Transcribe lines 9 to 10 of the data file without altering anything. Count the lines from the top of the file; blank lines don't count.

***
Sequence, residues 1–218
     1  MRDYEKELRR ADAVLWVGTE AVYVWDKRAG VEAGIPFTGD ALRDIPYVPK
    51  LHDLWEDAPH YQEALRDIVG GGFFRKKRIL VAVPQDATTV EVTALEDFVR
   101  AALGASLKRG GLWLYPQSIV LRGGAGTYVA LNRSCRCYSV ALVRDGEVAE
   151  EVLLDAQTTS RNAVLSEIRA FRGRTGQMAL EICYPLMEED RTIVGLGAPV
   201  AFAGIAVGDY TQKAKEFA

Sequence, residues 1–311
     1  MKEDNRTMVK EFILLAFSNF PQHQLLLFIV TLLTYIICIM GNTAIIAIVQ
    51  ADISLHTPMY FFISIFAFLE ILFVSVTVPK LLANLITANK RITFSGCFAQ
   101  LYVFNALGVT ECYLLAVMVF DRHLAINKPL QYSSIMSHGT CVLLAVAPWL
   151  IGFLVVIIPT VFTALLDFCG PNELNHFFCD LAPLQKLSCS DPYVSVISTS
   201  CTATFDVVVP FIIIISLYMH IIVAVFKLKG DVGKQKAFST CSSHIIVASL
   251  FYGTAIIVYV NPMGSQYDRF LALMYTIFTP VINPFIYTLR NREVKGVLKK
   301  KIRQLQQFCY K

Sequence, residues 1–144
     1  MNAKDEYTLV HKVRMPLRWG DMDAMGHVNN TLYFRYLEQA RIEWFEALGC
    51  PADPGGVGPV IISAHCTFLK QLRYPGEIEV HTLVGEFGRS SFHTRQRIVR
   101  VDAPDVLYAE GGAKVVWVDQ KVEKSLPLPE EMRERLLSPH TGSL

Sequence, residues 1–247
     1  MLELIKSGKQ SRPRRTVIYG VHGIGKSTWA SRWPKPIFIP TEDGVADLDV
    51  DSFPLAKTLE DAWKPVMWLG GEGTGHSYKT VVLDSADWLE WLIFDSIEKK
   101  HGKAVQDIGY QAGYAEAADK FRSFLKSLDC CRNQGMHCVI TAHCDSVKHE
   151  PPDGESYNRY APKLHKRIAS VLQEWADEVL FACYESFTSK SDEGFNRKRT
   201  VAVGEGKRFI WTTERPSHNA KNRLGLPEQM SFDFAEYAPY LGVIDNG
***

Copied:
    51  ADISLHTPMY FFISIFAFLE ILFVSVTVPK LLANLITANK RITFSGCFAQ
   101  LYVFNALGVT ECYLLAVMVF DRHLAINKPL QYSSIMSHGT CVLLAVAPWL